The Jerusalem Botanical Gardens is Jerusalem’s best-kept secret. The Jerusalem Botanical Gardens (JBG), originally planned as successor to the National Botanic Garden of Israel on the Givat Ram campus of the Hebrew University Mount Scopus which, nevertheless, still exists as a separate entity, is located in the neighborhood of Nayot in Jerusalem, on the southeastern edge of the Givat Ram campus of the Hebrew University of Jerusalem. In 1948, in the Israeli War of Independence, access to Mount Scopus and the university campus was cut off from the rest of Israel, and it was decided to create a new Botanical Garden near the Jewish National and University Library, on the new campus of the Hebrew University in Givat Ram in western Jerusalem. At around 30 acres, the Jerusalem Botanical Gardens is the largest in Israel.
The Jerusalem Botanical Gardens is a peaceful green oasis in a busy city. Boasting the largest plant collection in Israel, the Jerusalem Botanical Gardens opened to the public in 1985. Director of development Sue Surkes called it “the best kept secret in Jerusalem.” More than 6,000 species of plants from around the world are here, divided into six phytogeographic (botanical-geographical) sections (Southern Africa, Europe, North America, Australia, South-West and Central Asia and the Mediterranean). The tropical conservatory contains rainforest plants, including edibles such as pineapple and rice, and even carnivorous ones.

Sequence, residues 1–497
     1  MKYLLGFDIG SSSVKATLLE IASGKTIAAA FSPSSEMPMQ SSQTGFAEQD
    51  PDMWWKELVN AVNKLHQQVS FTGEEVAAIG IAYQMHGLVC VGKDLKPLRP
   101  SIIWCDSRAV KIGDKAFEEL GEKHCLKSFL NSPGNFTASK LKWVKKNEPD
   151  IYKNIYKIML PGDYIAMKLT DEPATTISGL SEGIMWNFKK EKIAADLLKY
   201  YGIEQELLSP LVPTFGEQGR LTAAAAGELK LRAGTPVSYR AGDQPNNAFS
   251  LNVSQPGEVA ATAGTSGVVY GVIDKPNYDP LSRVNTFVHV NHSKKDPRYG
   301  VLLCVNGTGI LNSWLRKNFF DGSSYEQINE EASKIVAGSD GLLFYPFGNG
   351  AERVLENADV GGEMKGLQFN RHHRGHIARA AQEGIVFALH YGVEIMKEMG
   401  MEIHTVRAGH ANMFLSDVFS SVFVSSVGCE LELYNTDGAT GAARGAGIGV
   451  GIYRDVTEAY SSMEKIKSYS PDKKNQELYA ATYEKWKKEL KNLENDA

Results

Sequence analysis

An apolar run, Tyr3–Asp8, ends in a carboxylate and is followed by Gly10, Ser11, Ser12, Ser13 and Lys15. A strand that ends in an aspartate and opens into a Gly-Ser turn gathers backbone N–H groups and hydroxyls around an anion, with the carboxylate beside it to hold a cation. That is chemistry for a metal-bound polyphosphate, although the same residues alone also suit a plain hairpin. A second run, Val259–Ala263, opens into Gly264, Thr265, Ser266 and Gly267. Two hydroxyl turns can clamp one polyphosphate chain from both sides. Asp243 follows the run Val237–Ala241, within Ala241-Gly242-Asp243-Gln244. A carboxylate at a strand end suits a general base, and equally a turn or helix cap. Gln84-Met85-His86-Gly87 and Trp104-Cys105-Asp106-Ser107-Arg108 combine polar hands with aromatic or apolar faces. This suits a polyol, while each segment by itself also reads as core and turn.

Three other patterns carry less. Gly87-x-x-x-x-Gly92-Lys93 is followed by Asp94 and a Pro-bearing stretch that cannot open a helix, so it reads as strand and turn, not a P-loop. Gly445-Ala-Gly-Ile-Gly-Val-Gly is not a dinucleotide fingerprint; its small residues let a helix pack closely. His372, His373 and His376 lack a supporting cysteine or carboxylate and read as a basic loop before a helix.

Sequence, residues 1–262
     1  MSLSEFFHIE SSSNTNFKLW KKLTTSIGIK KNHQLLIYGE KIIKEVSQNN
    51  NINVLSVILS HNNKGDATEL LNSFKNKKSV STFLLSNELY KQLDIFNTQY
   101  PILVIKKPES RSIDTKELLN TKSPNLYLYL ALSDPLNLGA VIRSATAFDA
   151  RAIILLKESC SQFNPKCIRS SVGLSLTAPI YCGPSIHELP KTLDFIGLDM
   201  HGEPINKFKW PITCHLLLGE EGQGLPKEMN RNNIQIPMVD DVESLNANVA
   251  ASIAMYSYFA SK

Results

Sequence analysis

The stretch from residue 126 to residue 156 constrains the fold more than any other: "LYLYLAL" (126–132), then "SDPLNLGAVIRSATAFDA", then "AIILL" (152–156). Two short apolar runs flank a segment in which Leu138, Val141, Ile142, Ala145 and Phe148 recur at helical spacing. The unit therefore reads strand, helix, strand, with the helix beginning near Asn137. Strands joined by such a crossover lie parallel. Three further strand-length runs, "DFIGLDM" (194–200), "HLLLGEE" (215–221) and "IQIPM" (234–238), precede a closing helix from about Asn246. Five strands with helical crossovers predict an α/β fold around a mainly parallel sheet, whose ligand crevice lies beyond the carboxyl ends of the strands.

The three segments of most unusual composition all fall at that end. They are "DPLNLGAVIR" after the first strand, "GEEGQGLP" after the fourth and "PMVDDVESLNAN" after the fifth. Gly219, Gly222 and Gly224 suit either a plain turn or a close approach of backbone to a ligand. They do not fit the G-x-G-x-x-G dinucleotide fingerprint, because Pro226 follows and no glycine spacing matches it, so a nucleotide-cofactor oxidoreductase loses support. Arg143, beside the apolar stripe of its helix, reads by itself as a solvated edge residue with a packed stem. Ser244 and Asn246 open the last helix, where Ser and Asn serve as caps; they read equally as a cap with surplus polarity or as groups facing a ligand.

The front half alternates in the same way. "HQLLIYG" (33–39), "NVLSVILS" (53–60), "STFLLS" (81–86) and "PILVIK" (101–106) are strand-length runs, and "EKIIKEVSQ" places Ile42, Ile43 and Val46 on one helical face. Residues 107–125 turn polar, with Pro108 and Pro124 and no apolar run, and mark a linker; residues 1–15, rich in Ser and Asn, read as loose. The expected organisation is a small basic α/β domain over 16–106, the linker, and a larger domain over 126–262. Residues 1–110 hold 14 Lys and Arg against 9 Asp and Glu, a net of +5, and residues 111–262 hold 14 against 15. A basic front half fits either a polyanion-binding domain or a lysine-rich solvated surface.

Among the new features on the Givat Ram campus of the Hebrew University are the African Savannah grass maze, the 500-meter Bible Path, and the “flower train”.
Jerusalem’s Rainforest – The Conservatory, in Jerusalem Botanical Gardens
The Bible Path
The 500-meter long “Bible Path” is planted with most of the 70 species that scientists have identified as some of the 400 types of plants mentioned in the Bible.
Sat & Holiday 9.00-18.00
Sat & Holiday 9.00-17.00
Train operates by advance booking only
Tropical Conservatory hours
Fri & Sat: 10:00-14:00
Accessibility: The garden is wheel-chairs accessible.